by Emily Conrad

This discussion about what we can learn from the book of Galatians in regards to people-pleasing started on Tuesday. You can read that post here.

The theme of that first post is nicely summed up by Galatians 1:10, which reads: Am I now trying to gain the approval of people, or of God? Or am I trying to please people? If I were still trying to please people, I would not be a slave of Christ! (NET)

Why did Paul write this to the Galatians? He was encouraging them to resist (and not please) the people who were pressuring them to submit to the old law of circumcision. It sounds to me as though Paul wrote with urgency because the Galatians were starting to give in.

He writes, You foolish Galatians! Who has cast a spell on you? Before your eyes Jesus Christ was vividly portrayed as crucified! The only thing I want to learn from you is this: Did you receive the Spirit by doing the works of the law or by believing what you heard? Are you so foolish? Although you began with the Spirit, are you now trying to finish by human effort? Galatians 3:1-3, NET

Did you catch that? Paul moved from people-pleasing to another closely-related area: perfectionism.

I know I, for one, can tend toward perfectionism all on my own, but we’re also often encouraged that direction by the fact that people see and judge our actions (rather than our hearts). When we’re stuck in this trap, we run ourselves ragged trying to live up to some imagined ideal that God never called us to because other people expect it of us.

These people are easier to see with human eyes than the risen Jesus. The criticisms of how we live are easier to hear than the still small voice of our Savior—especially when we haven’t been spending adequate time with him. So, we set about pleasing the people by saying yes to everything at church. We take failure hard. We vow to try harder or do better next time.

This is foolish because no matter how hard we try, we’re always wanting. Sure, maybe we do manage to please a few people some of the time, but that was never supposed to be the point of our lives. We were created by God and for God, but we’ll never satisfy Him by our efforts.

The only way to peace with God is through faith, as Paul writes in 2:16: yet we know that no one is justified by the works of the law but by the faithfulness of Jesus Christ. And we have come to believe in Christ Jesus, so that we may be justified by the faithfulness of Christ and not by the works of the law, because by the works of the law no one will be justified. (NET)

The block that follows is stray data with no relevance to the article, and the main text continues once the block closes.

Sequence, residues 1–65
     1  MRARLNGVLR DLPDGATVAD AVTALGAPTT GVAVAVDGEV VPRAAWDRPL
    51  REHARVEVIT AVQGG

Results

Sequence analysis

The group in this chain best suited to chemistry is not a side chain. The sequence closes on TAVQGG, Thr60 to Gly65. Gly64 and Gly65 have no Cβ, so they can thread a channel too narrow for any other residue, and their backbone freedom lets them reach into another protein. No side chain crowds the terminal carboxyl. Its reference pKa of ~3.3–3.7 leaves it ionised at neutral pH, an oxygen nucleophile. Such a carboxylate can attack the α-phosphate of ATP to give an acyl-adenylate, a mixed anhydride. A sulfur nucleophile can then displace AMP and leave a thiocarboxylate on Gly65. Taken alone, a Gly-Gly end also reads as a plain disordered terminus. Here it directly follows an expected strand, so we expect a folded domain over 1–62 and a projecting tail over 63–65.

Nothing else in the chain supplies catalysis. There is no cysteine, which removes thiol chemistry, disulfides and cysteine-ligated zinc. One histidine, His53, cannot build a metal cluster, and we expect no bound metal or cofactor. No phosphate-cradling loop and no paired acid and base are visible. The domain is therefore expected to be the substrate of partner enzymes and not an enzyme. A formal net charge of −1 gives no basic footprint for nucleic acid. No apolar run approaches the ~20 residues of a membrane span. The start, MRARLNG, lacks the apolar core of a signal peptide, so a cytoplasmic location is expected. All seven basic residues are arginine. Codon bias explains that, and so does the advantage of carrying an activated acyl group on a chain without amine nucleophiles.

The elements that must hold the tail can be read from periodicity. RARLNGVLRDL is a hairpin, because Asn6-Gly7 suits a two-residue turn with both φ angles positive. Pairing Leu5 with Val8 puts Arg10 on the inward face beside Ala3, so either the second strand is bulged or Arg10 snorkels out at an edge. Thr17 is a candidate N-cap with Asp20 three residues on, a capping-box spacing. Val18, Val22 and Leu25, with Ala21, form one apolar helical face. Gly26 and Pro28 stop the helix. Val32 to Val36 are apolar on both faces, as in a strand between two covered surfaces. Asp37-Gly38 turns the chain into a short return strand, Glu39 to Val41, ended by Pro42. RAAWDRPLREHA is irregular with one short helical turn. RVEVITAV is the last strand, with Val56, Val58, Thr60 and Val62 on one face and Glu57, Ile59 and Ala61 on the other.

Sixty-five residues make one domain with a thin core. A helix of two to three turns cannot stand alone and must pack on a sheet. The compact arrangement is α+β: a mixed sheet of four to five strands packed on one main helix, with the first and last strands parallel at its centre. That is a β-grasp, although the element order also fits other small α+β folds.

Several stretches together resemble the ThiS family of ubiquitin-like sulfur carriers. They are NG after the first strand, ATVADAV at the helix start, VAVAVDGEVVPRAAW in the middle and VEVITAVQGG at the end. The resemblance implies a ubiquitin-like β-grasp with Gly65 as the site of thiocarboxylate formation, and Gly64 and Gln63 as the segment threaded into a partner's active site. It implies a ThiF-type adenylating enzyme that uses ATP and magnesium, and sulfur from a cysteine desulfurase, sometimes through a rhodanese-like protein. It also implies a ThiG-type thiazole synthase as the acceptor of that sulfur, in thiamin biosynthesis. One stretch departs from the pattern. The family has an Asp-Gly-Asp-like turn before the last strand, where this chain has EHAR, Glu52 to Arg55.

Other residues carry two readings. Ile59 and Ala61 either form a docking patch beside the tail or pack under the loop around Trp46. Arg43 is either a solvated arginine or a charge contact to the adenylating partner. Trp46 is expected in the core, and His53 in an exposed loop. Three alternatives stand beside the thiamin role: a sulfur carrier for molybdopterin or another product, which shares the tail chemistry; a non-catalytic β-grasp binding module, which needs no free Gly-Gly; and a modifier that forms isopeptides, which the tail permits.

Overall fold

I often fail to look at perfectionism and people-pleasing as the traps they are, so it hits me when Paul writes: For freedom Christ has set us free. Stand firm, then, and do not be subject again to the yoke of slavery.

People-pleasing and perfectionism are slavery, and recognizing them as such will help us to choose better in the future. Christ died so we could be free.

Instead of slavery, we’re invited into a relationship with the Creator. Knowing Him and being known by Him is so vital. It’s the only way we can live led by the Spirit, reaping “love, joy, peace, patience, kindness, goodness, faithfulness, gentleness, and self-control. Against such things there is no law.” (Galatians 5:22, NET)

Life and faith are not about making “a good showing of external matters.” (from 6:12, NET)

Life and faith are about our hearts, which must be loyal to Christ above all else.

So forget about everyone else and all their opinions. Embrace Jesus.

Life and faith aren’t about putting on a good show. Forget others’ opinions. Embrace Jesus. via @novelwritergirl

PS Want more reading on people-pleasing, perfectionism, and how our relationship with Jesus can save us? Check out the Chosen and Approved series that just wrapped up earlier this month! For links to all the posts, click here.

PPS Since all the lovely photos in the main body of this post (but not the Chosen and Approved graphic) were from the same photographer, I wanted to let you know. You can check out Kortni Williams’ work here.